We take part in community fundraisers, including turning the office yellow for the day to support the local hospice, or spending the night in a cardboard box to raise money for a local homelessness charity. Not only does this this allow us to support good causes in our towns, but it provides a great opportunity for the team to bond — both inside the office, and outside of it too.

Two of our front-line news reporters also volunteer for local charities on a regular basis — one for Hastings and Rother Samaritans, and the other for a soup kitchen in Hastings, called Hope Kitchen.

We celebrate everyone’s birthdays in the office and we make sure the biscuit desk (yes, there is a dedicated table for snacks) is topped up on a regular basis!

While we do all get on, we also challenge each other with different ideas and suggestions. Many issues and questions are discussed among the whole newsroom and everyone values the opinions of others.

A bit of friendly debate among colleagues allows us to make a more informed decision, and I often ask the office for their views on headlines or photo choices for the front pages.

In the newspaper, we run campaigns that our reporters are passionate about, such as our Hope for the Homeless campaign that has been going for the best part of 2018, and in previous years, a successful and award-winning campaign to save Battle Fire Station from downgrading.

We have a voice and a platform, and we like to use that to bring these issues to the forefront of public attention — often with success and support from our readership.

We have recently moved into a town-centre office, after decades of being based on an industrial estate on the outskirts of town. It is fantastic to be back in the heart of our community, and we really feel like we are part of the town again.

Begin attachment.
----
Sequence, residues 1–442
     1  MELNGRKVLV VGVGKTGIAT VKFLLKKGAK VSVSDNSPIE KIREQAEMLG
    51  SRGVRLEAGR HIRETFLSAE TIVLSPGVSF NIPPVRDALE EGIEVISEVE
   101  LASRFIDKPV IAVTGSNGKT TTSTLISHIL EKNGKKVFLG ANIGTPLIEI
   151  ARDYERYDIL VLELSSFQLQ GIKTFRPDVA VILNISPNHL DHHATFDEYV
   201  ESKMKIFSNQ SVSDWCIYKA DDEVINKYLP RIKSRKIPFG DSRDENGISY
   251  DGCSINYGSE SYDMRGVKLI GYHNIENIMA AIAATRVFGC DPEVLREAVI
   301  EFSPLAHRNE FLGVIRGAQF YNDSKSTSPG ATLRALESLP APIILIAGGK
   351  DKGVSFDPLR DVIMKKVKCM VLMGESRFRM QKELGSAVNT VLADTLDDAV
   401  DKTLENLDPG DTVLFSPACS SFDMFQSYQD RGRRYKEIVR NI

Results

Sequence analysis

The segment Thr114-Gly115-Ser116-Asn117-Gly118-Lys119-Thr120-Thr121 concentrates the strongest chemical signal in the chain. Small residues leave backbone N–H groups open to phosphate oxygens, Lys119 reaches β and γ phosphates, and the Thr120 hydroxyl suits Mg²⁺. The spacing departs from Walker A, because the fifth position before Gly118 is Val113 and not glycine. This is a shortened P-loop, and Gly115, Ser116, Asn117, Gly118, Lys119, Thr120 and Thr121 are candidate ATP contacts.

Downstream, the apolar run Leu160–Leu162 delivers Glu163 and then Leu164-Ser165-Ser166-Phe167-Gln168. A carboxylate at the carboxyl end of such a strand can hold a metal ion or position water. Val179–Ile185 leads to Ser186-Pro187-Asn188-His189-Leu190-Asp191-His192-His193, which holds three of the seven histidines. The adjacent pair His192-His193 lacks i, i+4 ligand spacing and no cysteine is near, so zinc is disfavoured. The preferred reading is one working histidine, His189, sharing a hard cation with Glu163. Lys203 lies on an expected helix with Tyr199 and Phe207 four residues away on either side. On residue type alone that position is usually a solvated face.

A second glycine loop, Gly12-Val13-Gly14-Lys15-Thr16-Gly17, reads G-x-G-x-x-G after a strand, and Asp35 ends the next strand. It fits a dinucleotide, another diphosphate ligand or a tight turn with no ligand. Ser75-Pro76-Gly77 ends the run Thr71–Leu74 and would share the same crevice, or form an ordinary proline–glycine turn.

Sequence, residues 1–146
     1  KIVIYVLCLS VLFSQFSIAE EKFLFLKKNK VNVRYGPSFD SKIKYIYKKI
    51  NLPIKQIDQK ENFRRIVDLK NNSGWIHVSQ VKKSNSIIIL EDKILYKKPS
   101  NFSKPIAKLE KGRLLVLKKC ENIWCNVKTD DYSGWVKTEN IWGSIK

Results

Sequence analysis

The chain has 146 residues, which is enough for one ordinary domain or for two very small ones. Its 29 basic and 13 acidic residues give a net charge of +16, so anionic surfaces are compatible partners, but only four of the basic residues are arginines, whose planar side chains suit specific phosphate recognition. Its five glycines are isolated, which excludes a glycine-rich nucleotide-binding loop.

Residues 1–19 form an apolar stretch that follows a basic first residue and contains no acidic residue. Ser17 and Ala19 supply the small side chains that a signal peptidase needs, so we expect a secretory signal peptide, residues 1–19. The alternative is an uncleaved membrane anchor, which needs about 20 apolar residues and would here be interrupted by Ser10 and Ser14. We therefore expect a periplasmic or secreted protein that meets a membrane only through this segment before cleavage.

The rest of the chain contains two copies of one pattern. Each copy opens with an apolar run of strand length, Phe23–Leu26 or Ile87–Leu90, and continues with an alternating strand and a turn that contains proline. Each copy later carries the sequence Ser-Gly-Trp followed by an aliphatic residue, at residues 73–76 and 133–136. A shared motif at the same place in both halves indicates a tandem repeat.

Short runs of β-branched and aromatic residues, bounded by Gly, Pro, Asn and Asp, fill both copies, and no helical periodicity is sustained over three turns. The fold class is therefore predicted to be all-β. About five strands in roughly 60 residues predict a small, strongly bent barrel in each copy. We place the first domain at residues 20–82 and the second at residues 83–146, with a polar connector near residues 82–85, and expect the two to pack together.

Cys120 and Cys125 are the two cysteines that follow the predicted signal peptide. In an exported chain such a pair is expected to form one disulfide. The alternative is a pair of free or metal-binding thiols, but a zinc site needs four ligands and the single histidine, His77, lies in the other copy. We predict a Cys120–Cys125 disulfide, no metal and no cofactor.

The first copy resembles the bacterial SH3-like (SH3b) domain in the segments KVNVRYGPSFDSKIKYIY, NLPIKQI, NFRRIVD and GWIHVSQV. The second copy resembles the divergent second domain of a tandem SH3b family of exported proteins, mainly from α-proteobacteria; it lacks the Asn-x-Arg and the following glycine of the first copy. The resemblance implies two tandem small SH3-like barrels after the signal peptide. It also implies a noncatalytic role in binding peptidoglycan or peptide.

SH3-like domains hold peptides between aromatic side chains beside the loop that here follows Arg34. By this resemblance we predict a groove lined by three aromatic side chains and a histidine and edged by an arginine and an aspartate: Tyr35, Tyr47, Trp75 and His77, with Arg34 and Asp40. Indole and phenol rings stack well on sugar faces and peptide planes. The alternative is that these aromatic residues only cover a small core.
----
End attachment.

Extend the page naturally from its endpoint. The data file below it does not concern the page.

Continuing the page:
The story that has had most impact

It’s a bit morbid, but it’s hard to overlook the double shooting from earlier this year. Here’s a short bit about it:

One story that is hard to forget from 2018 is the tragic double shooting in St Leonards in March.

The news broke at around 9pm and reporter James Butler, who happened to be passing through the scene at the time, uploaded the initial breaking news story from his phone while sat in his car at the side of the road. Other reporters then logged on to help with the coverage, launching a live blog and putting in calls to the emergency services.

The national media quickly picked up on the story and were running with rumours that had yet to be confirmed by police. We stuck to our morals and only published details confirmed by the authorities, never sensationalising the story — which proved to be the right decision, as the rumours later turned out to be false.

This story not only sticks in my mind as it was incredibly tragic, but because I am so proud of how our reporters handled it. The coverage was comprehensive — we accumulated 103,10 digital page views that evening — but it was also handled with the utmost sensitivity. We were thanked by our readers for keeping them up-to-date with the incident and, in what was chaotic circumstances, for only reporting the facts.

The future

As a newspaper, I feel like we are really moving in the right direction. Our digital audience continues to grow year on year, and we are embracing new technology and social media platforms. But we certainly don’t rest on our laurels — there are always more people to reach and more stories to tell, and it’s our job to do exactly that.




The stories behind the stories, from the regional press in the UK